The Malicious UN Addresses "Poverty" In The United States

With things like RUSSIA!!!! and the tax bill and the extreme corruption of our law enforcement and national intelligence bureaucracies getting all the attention lately, the subject of poverty in the United States -- aka "the poverty scam" -- has been out of our view for a while.  But something has just happened to bring that particular scam not only back into view, but into sharp focus.  Last Friday (December 15) a guy named Philip Alston, the UN's "Special Rapporteur on extreme poverty and human rights," issued a Report (or maybe it's a "Rapport") on a "visit" he made to the "USA."

You may be aware that the UN actually has an official definition of "extreme poverty," which is "liv[ing] . . . on less than $1.90 per person per day."  This March 2017 post from Our World in Data -- using data sourced from the World Bank -- contains a country-by-country list of all the people in the world deemed to be living in this condition of "extreme poverty."  The United States (along with the main countries of Western Europe, and also such places as Canada and Australia) does not even appear on the list.  So undoubtedly you would expect the Report of the UN's Rapporteur on "extreme poverty" as to the U.S. to be a one-liner saying something like "there is nothing like that here."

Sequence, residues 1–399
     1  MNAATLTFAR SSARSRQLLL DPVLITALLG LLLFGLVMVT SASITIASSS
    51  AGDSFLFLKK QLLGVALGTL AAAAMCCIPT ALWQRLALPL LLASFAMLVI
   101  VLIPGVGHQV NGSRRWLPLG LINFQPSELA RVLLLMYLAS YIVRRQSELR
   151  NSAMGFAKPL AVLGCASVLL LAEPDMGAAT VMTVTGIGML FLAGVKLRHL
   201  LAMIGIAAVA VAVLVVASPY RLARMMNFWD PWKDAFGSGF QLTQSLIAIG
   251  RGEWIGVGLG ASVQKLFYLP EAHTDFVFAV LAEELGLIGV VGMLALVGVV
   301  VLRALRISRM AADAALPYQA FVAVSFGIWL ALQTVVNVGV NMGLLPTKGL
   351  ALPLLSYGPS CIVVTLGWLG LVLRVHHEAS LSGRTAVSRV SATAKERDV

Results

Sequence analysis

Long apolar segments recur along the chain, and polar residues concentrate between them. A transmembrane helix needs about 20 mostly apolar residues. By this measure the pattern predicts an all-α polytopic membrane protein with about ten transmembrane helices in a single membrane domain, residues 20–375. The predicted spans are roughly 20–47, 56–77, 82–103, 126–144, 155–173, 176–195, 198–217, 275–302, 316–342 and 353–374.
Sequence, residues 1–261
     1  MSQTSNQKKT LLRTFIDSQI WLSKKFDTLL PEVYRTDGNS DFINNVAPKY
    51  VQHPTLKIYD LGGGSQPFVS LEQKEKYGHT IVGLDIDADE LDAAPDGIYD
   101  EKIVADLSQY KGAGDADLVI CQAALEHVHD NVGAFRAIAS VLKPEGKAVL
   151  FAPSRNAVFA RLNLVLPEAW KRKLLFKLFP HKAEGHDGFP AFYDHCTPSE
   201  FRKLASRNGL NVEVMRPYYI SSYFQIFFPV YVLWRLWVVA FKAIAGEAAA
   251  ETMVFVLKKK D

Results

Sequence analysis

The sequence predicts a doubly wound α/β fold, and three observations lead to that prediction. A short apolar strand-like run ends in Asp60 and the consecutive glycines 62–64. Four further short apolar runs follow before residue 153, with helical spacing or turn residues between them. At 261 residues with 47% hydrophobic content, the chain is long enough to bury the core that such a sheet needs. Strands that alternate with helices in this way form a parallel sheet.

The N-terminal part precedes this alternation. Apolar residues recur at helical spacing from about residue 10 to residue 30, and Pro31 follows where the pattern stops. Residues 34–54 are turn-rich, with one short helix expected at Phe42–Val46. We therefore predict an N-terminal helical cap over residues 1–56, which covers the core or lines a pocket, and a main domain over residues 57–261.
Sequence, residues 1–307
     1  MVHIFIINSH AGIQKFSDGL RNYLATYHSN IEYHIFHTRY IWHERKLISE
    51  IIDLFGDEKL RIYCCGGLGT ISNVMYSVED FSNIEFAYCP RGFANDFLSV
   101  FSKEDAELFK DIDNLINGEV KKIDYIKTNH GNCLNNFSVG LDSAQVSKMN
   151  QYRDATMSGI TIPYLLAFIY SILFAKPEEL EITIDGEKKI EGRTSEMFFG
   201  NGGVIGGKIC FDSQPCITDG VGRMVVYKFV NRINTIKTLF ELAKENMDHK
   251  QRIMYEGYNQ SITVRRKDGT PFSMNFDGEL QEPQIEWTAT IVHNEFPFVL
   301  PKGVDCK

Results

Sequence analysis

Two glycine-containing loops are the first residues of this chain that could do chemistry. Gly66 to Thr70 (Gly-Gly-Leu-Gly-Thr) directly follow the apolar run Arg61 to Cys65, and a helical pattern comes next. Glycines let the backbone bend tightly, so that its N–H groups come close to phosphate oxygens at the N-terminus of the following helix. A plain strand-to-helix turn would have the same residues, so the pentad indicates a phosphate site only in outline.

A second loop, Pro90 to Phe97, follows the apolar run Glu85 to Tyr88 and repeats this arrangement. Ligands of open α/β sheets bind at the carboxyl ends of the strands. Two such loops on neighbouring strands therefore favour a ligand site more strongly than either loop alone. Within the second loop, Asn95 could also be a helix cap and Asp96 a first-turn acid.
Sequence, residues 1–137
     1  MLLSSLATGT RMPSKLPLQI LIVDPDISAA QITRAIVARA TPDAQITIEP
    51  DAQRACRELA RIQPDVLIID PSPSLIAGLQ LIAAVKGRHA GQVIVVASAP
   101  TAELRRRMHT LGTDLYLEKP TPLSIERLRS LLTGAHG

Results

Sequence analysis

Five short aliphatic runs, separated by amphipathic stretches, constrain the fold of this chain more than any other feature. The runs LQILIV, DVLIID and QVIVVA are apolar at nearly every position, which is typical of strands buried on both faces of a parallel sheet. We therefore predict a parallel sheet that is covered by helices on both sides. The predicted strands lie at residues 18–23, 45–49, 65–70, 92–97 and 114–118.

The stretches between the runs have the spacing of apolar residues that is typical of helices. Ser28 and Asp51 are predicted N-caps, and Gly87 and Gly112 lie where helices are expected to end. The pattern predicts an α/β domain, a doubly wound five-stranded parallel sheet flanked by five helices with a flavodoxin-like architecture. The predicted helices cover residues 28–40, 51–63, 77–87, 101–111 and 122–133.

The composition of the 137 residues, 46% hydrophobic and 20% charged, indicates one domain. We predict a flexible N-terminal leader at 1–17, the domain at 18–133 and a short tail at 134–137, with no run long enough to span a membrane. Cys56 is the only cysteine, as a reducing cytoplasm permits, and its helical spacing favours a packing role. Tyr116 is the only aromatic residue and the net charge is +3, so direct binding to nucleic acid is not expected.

You would be so wrong!  Remember, this is the UN.  And, because this is the UN, you get exactly what you should expect from the UN.  I mean, these are the people whose main business is keeping the poor people of the world poor by supporting and facilitating every kind of socialism and statism and dictator and parasitic bureaucracy and by intentionally jacking up the price of energy and by every other destructive thing you can think of.   It goes without saying that this Report (and any other report the UN might come out with) comes filled with extreme malice and hatred toward the U.S. and everything it stands for; with complete ignorance of the most basic things about how an economy works, including that capitalism and freedom are the only effective way to alleviate poverty; and with supercilious demands for immediate taxpayer-funded and socialist-model solutions to any and every remaining human problem that can still be found in the U.S.  The combination of malice and ignorance is so extreme that it impossible to tell where one ends and the other begins.

In a short blog post I can only scratch the surface of what is wrong with this Report.  But let's start with this:  Section IV of the Report, titled "The current extent of poverty in the US," buys right in to the completely fake Census Bureau poverty statistics to gin up some large numbers to try to embarrass the U.S.: